Useful for students of geopolitics, international economics, and demography alike.

THE HUMAN TIDE

HOW POPULATION SHAPED THE MODERN WORLD

The world is changing, dramatically and in large part because of shifts in population.

University of London demographer Morland (Demographic Engineering: Population Strategies in Ethnic Conflict, 2014) considers population dynamics as a driving force in historical change—not just at the macro level, but in the lives of individuals. As he notes, only a few generations have passed since 1-in-6 British children died before their first birthdays, whereas “today, just over a century later, only one child in three hundred born in England does not reach the age of one.” At the same time, sub-Saharan African nations whose birth rates had once leveled off have grown in population but not in economic opportunity, propelling a wave of migrants northward to a Europe whose Indigenous populations have been steadily shrinking—in Italy, for example, by a projected 20 percent by the end of the century. This reiterates a historical trend in which exploding European populations led to migrations to the Americas and Australia, and even if European and European-descended—and especially British—peoples remain politically and economically more powerful than the rest of the world, “they have significantly retreated as an ethnic group within their own states.” Other nations have experienced patterns of growth and decline: Japan, for instance, whose population is rapidly falling, and Russia, which had a comparatively huge population in late czarist times but became the first state in the world to legalize abortion in the Soviet era—only to retract it in 1935, when “Stalin declared ‘man the most precious resource.’ ” Today, Putin’s Russia faces a decline in ethnic Russians. Demography is not necessarily destiny, but the trends Morland identifies are suggestive of broad political changes to come, including the prospect that a grayer world may also mean a greener one: “Where human population starts to decline, from Japan to Bulgaria, nature moves fast into the void.”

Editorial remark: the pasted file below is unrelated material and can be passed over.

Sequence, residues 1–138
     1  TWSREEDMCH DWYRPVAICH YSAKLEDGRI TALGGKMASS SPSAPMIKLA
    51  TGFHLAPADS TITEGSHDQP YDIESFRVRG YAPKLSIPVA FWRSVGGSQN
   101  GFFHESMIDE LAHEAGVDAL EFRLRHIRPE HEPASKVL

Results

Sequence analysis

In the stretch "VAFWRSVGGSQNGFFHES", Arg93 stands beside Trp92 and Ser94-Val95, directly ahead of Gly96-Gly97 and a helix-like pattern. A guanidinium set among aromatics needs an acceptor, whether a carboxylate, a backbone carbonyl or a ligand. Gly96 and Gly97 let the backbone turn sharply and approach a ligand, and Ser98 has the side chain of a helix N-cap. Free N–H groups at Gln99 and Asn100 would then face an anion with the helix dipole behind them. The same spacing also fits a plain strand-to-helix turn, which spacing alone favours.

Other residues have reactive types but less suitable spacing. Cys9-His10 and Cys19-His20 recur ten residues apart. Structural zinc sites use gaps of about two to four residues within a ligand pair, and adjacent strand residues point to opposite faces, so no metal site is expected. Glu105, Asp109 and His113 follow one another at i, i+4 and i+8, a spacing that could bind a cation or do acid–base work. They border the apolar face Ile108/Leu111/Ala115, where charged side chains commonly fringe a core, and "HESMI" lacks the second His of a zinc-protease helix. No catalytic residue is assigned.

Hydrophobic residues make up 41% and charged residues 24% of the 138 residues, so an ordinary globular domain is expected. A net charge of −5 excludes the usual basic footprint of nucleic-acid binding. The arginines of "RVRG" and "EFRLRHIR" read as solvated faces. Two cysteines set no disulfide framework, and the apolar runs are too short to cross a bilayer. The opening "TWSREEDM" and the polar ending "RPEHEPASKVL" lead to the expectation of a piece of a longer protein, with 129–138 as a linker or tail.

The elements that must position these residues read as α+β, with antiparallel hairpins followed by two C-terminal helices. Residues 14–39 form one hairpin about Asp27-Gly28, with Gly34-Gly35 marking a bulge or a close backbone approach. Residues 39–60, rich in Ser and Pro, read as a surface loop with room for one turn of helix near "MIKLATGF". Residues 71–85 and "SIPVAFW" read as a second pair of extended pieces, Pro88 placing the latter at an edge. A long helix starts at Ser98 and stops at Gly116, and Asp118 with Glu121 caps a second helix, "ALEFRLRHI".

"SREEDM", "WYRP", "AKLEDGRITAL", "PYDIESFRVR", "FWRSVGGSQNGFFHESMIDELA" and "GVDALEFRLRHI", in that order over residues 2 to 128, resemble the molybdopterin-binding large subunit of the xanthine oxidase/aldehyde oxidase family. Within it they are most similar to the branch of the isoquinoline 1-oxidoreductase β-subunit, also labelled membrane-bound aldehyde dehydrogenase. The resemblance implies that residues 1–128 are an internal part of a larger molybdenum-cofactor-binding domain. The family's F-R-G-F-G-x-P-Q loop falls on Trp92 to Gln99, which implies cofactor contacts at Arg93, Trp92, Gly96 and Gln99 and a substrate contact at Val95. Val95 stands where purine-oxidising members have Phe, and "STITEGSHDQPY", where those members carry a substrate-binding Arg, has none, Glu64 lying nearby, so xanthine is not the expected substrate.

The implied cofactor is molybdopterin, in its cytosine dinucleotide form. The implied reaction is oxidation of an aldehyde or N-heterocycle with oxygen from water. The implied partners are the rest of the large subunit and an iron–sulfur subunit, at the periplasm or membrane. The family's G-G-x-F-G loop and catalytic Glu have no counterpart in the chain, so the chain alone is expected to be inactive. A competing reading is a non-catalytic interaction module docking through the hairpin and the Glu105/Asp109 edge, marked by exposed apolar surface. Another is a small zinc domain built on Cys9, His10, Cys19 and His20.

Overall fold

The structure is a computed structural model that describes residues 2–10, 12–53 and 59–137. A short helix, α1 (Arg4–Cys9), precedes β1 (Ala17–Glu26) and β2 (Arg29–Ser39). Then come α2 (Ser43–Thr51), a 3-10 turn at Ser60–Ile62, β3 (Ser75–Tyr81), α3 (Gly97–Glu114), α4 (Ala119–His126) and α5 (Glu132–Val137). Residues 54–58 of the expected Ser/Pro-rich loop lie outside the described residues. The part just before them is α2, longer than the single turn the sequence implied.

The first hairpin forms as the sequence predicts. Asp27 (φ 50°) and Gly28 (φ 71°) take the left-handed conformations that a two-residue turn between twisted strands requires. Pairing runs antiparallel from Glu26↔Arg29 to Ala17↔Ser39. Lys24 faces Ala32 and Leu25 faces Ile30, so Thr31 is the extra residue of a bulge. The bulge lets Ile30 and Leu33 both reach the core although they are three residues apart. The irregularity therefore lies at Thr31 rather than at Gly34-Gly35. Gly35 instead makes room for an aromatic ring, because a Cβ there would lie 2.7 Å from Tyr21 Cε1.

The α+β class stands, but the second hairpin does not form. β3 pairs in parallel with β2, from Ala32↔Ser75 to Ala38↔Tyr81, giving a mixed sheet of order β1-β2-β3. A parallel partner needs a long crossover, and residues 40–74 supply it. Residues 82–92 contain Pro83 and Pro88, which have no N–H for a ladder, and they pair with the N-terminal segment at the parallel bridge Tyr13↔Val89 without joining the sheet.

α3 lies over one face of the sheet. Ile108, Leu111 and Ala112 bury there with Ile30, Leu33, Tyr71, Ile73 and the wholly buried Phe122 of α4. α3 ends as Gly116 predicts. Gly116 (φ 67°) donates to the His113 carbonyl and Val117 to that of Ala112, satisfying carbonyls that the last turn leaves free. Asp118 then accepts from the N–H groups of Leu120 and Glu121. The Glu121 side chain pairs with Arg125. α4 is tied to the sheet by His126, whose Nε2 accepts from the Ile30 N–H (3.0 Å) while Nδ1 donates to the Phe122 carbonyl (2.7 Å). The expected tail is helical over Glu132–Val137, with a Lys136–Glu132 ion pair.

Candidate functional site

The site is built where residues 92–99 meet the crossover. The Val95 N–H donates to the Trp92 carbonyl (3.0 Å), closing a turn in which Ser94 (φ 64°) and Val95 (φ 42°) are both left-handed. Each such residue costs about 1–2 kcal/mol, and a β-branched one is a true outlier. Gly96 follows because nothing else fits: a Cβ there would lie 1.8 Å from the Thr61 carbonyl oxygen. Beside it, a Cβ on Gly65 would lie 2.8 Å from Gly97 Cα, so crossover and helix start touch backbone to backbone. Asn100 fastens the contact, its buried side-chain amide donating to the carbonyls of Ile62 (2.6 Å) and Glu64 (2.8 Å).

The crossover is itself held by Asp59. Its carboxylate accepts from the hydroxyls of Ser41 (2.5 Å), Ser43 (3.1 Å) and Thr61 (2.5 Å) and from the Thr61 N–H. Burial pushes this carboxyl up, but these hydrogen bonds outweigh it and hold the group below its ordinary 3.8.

Useful for students of geopolitics, international economics, and demography alike.

Pub Date: March 5, 2019

ISBN: 978-1-5417-8836-7

Page Count: 352

Publisher: PublicAffairs

Review Posted Online: Dec. 9, 2018

Kirkus Reviews Issue: Jan. 1, 2019

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The author's youthfulness helps to assure the inevitable comparison with the Anne Frank diary although over and above the...

NIGHT

Elie Wiesel spent his early years in a small Transylvanian town as one of four children. 

He was the only one of the family to survive what Francois Maurois, in his introduction, calls the "human holocaust" of the persecution of the Jews, which began with the restrictions, the singularization of the yellow star, the enclosure within the ghetto, and went on to the mass deportations to the ovens of Auschwitz and Buchenwald. There are unforgettable and horrifying scenes here in this spare and sombre memoir of this experience of the hanging of a child, of his first farewell with his father who leaves him an inheritance of a knife and a spoon, and of his last goodbye at Buchenwald his father's corpse is already cold let alone the long months of survival under unconscionable conditions.